Children born under fire: “We fight so as not to die”
“What makes you so furious?” we ask a boy of 11. He starts to answer: “My name is war. I was born in the middle of one, but I hate war. Every day, someone is killed. We’re protecting one another so as not to die.” The sound of a sniper’s gun breaks off his reply. A women of 23 approaches with her six month old baby. “So, is this six-month old baby in my arms a terrorist too? Besides, what is a terrorist? If it means a ‘Kurd’, then we are all terrorists,” says the woman who introduces herself: Saniye Dönmüş. She is the mother of four children. “The State must take its hands off our children. Who has the right to keep them from sleeping at night because they are afraid?”
S.D., 5, huddles behind his mother’s skirts. “I’m afraid. Our games are interrupted all the time,” he says. “You see that building over there? There’s a man who shoots at us from it. We run inside when we hear the shots and we come out again when they stop.”
Silopi teenagers: “If the State doesn’t like us, why don’t they just go away?”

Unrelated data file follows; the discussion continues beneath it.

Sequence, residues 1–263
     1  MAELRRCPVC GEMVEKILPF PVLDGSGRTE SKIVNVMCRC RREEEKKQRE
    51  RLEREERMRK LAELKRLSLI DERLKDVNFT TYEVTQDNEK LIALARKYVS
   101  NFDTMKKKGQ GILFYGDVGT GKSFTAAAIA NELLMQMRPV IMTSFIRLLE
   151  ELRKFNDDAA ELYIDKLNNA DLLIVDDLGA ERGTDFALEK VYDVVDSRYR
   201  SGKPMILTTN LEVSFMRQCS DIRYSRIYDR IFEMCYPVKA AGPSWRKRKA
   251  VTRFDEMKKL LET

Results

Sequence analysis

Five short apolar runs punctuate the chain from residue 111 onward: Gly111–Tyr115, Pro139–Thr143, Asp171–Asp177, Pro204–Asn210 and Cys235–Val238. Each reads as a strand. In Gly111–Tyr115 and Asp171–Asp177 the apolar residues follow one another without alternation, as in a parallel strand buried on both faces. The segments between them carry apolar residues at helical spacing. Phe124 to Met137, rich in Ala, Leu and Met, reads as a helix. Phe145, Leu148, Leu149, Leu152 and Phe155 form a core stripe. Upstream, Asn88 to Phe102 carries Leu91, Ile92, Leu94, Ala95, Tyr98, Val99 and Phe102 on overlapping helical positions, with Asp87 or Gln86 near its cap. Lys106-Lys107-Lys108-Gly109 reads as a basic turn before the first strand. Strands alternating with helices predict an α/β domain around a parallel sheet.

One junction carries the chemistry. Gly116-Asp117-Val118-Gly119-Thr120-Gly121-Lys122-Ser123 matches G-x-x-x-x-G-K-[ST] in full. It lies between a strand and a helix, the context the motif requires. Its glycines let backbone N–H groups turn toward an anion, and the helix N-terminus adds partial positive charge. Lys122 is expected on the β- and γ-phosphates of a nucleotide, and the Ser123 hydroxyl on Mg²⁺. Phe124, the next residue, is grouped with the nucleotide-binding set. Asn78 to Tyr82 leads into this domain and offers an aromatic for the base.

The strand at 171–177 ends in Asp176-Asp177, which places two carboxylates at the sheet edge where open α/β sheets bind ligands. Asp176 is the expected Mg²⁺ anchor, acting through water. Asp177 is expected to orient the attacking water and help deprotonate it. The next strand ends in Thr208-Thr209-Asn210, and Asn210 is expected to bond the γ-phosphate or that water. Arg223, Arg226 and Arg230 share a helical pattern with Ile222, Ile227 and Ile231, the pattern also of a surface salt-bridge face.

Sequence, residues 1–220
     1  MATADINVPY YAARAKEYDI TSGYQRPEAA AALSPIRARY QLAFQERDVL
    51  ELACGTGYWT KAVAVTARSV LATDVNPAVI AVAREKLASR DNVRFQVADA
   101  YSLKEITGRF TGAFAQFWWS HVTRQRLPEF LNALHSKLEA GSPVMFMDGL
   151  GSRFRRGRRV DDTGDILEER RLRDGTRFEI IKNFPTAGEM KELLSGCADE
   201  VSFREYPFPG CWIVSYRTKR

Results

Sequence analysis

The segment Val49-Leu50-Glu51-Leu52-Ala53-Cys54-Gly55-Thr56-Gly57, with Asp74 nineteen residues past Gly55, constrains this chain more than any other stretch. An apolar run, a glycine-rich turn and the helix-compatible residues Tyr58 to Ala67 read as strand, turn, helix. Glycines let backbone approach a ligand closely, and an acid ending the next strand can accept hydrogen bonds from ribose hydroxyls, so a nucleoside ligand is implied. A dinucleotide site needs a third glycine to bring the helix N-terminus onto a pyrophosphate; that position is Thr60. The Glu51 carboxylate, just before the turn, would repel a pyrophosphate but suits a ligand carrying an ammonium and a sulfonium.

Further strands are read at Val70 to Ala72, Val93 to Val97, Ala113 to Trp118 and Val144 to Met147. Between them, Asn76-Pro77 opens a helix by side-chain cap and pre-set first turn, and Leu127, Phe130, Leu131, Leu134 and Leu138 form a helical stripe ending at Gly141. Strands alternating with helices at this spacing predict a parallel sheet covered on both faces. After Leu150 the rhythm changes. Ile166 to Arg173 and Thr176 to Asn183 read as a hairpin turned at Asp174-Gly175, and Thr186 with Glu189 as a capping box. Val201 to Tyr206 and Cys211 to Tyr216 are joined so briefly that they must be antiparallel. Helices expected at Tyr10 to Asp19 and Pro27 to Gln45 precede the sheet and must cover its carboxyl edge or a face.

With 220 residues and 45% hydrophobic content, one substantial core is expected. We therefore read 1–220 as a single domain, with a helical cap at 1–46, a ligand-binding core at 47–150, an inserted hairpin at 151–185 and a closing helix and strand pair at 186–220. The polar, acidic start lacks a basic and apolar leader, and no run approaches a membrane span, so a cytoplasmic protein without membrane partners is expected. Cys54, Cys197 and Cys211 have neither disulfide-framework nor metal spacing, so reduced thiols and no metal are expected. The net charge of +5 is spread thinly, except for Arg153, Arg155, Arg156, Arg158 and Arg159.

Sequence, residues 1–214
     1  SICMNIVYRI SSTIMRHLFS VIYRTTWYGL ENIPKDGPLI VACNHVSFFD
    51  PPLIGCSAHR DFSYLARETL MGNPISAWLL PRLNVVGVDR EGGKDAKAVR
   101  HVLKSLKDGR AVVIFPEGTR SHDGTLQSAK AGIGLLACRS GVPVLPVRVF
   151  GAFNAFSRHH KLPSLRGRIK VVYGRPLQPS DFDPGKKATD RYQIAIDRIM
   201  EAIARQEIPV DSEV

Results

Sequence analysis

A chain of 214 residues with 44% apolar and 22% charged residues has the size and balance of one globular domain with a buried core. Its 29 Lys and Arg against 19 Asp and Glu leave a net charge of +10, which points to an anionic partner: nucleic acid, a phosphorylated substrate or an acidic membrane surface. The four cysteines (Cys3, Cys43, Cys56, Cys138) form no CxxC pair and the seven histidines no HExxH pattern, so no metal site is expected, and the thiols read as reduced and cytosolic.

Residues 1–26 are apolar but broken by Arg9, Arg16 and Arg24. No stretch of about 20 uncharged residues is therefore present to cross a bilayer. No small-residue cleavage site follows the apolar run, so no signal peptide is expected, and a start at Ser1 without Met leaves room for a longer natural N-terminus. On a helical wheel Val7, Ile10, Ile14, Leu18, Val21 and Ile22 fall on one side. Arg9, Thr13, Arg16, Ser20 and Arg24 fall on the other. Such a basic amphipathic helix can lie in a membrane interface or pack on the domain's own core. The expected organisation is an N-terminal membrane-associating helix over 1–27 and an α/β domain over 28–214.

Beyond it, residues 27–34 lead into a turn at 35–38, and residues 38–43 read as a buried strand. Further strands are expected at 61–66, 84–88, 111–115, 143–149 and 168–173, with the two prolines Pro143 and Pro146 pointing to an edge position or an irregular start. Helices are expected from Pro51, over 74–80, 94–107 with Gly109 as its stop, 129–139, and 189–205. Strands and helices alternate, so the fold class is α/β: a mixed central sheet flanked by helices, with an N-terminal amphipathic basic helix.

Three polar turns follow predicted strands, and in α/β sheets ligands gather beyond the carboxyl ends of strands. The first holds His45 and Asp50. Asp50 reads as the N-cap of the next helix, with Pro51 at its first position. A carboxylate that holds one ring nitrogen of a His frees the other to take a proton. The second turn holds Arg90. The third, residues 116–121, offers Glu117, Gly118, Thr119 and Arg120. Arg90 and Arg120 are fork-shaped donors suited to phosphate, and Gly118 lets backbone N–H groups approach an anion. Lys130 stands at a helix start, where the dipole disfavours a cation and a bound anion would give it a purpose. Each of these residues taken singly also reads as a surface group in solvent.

A sixteen year old youth describes the declarations of self-rule as “civil disobedience against a State that doesn’t like us.” He gives his name as being B.S.
“Since nobody likes us, all they have to do is leave us alone and let us live by ourselves,” he says. “It’s easy enough for them to talk over there, but they should see what we have to put up with here. If you have the stomach for it, spend some time here – not for long, just one night – and decide who is wrong. What did we ever do to the State? Nothing was going on, they attacked us just to get things going. The only thing we can do is defend ourselves.”
One of the most important descriptions of what is going on in Silopi was provided by an eight-year old child by the name of S.Y. who told us he did not want to start his third grade in school this year.
“I really liked school, but because of all this, I made up my mind”, he said. “Even if I had just bought my new school bag, I won’t go back. In any event, as soon as I’ll step outside this neighborhood, they’ll shoot at me. I’m going to stay here and protect my family.” We asked S.Y. how he intended to protect his family, exactly. “By piling up stones in front of the door,” he answered.